MANDIBLE: INTRODUCTION AND GENERAL PRINCIPLES
General Examination Technique
The entire mandible must be imaged even, for instance, if the temporomandibular joint (TMJ) is the only stated clinical area of interest. Treatment planning will almost always have to take into account the occlusal plane as well as the integrity of the entire mandible and its relationship to the maxilla and skull base attachment at the coronoid fossa.
Mandibular computed tomography (CT), cone beam volume computed tomography (CBVCT), and magnetic resonance imaging (MRI) must include the axial and off-axial acquisition and/or viewing as a routine. Multidetector computed tomography (MDCT) and CBVCT have made it simple to obtain a volume data set that can be routinely reconstructed as well as viewed with multiplanar reformation (MPR) tools (Figs. 96.1 and 96.2).
Any study of the mandible and facial region must be viewed and/or filmed in both soft tissue and bone windows. Other extracranial pathology may present with mandibular dysfunction, and either mandibular or other extracranial disease may extend intracranially. The soft tissues, including the brain, are not adequately evaluated when viewed on images done with a bone algorithm. This is a major shortcoming of CBVCT (Fig. 96.1H) since its low-contrast resolution is inherently very poor, thereby rendering its use primarily for osseous and dental structures of the maxillofacial complex.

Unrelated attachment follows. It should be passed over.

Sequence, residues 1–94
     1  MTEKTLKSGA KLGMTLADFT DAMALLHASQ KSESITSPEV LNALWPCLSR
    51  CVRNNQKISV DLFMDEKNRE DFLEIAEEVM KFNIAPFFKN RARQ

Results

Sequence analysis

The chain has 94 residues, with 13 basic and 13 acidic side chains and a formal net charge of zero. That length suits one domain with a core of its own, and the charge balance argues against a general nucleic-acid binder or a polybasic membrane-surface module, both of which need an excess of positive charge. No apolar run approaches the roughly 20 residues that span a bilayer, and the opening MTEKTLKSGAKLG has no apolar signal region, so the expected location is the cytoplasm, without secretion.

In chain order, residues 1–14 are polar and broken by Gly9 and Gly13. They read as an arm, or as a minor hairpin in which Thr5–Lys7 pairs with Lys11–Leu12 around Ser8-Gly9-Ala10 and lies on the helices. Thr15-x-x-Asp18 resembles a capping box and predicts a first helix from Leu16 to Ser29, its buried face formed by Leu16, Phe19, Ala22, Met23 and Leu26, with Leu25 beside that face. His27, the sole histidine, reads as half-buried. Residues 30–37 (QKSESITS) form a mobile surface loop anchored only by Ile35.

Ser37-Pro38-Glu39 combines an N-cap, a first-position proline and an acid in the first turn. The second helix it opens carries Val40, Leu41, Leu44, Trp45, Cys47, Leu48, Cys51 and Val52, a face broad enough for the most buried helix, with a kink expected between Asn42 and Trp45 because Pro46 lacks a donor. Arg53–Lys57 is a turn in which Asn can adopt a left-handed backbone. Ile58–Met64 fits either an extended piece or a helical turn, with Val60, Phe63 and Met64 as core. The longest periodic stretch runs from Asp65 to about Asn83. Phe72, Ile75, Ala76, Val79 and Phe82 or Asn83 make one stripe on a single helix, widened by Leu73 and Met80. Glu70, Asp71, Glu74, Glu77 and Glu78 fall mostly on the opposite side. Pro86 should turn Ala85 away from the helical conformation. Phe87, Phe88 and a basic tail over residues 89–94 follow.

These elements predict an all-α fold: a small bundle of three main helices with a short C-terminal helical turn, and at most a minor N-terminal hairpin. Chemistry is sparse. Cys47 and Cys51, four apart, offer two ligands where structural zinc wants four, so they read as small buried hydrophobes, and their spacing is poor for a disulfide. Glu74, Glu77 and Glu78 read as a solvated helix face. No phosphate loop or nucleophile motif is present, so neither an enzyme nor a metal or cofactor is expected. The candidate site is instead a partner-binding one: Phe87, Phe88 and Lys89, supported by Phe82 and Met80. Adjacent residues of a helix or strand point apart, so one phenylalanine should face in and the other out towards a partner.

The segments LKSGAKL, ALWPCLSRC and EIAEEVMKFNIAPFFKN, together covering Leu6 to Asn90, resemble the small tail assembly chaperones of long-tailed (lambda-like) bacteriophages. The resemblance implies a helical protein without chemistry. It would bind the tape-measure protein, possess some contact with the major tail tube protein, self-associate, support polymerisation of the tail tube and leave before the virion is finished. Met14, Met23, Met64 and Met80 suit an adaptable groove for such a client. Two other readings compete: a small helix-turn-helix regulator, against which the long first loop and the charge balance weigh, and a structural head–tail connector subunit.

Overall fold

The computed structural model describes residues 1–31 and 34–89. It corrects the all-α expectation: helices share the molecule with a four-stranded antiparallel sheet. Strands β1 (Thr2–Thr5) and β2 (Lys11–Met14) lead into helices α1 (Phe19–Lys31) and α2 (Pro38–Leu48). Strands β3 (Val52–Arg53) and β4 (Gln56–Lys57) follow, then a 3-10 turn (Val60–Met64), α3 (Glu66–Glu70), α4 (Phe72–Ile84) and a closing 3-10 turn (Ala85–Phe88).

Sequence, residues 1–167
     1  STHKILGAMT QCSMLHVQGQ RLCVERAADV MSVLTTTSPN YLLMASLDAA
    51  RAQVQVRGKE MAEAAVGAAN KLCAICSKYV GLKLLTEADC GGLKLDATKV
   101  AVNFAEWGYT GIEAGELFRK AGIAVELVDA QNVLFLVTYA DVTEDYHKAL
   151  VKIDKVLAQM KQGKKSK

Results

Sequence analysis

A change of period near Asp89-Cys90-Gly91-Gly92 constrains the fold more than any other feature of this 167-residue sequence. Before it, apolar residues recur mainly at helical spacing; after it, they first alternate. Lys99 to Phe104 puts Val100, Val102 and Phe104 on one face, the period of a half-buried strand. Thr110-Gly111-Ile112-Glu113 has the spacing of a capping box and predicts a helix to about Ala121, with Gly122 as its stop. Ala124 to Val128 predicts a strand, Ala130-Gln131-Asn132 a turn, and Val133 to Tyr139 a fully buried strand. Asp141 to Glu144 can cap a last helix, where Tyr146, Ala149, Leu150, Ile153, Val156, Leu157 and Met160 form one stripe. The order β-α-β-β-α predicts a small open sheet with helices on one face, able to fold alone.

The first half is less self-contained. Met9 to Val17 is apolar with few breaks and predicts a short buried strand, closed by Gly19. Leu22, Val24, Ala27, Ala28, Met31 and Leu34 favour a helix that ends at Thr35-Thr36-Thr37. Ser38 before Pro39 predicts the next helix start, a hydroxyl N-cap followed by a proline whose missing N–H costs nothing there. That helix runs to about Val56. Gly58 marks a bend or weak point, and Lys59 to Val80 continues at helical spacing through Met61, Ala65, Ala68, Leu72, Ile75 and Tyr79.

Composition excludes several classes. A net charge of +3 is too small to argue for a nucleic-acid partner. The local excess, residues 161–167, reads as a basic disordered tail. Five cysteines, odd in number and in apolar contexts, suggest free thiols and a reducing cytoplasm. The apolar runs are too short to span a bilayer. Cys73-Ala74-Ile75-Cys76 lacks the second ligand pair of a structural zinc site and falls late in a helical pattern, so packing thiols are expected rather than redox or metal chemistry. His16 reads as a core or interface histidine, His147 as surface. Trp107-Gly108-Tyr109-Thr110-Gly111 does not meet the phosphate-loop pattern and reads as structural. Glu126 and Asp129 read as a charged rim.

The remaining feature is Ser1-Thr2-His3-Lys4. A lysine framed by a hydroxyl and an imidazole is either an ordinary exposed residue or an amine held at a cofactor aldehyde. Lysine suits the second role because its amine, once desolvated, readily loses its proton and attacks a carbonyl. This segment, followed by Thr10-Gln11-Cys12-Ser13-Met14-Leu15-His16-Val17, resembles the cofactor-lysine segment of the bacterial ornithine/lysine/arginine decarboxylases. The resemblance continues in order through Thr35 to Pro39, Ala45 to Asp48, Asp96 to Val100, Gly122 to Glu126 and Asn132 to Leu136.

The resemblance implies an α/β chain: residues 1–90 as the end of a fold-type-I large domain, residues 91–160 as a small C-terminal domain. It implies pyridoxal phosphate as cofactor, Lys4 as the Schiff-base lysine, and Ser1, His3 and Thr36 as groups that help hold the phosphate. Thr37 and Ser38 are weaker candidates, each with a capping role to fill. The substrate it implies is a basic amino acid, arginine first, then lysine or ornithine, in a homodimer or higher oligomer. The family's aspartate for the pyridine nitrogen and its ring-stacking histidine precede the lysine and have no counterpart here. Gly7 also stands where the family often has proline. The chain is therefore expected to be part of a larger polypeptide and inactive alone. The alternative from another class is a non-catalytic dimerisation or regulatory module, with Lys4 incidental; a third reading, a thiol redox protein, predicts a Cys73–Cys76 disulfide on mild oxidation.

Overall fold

Standard MDCT data sets should be obtained with 0.50- to 0.75-mm sections. Contrast is used with CT depending on specific indications. The most common applications of CT for uncomplicated mandibular and facial studies are done without intravenous contrast unless central osseous disease is suspected of soft tissue invasion. Specific CT protocols are presented in Appendix A.
CBVCT data can be acquired at voxel resolutions of up to 80 mm for limited fields of view. Most CBVCT units offer isotropic voxel dimensions ranging from 125 to 400 mm. MPR tools can be used to reconstruct two-dimensional slices at desired thicknesses ranging from the lowest possible voxel dimension offered to any desired level (0.125 mm to >100 mm) (Fig. 96.1F,G). Acquisition times range from 10 to 40 seconds using a pulsed or continuous exposure. The radiation burden is significantly lower compared to conventional CT. Metallic artifacts are significantly reduced in the reconstructions.